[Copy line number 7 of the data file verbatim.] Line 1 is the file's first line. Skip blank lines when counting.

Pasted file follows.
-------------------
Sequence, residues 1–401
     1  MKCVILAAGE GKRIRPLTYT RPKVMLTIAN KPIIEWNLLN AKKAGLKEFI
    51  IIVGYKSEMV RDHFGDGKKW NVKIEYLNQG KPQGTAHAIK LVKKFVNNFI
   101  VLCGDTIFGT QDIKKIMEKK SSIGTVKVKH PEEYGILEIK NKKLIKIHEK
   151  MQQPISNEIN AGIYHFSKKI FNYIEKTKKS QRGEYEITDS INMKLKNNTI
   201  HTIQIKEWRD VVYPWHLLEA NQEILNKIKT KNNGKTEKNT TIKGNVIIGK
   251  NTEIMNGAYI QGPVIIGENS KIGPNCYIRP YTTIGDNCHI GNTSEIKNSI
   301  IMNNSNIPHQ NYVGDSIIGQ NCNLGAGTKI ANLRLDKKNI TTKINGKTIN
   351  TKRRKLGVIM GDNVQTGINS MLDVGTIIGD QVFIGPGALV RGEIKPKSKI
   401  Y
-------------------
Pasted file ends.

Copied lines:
   251  NTEIMNGAYI QGPVIIGENS KIGPNCYIRP YTTIGDNCHI GNTSEIKNSI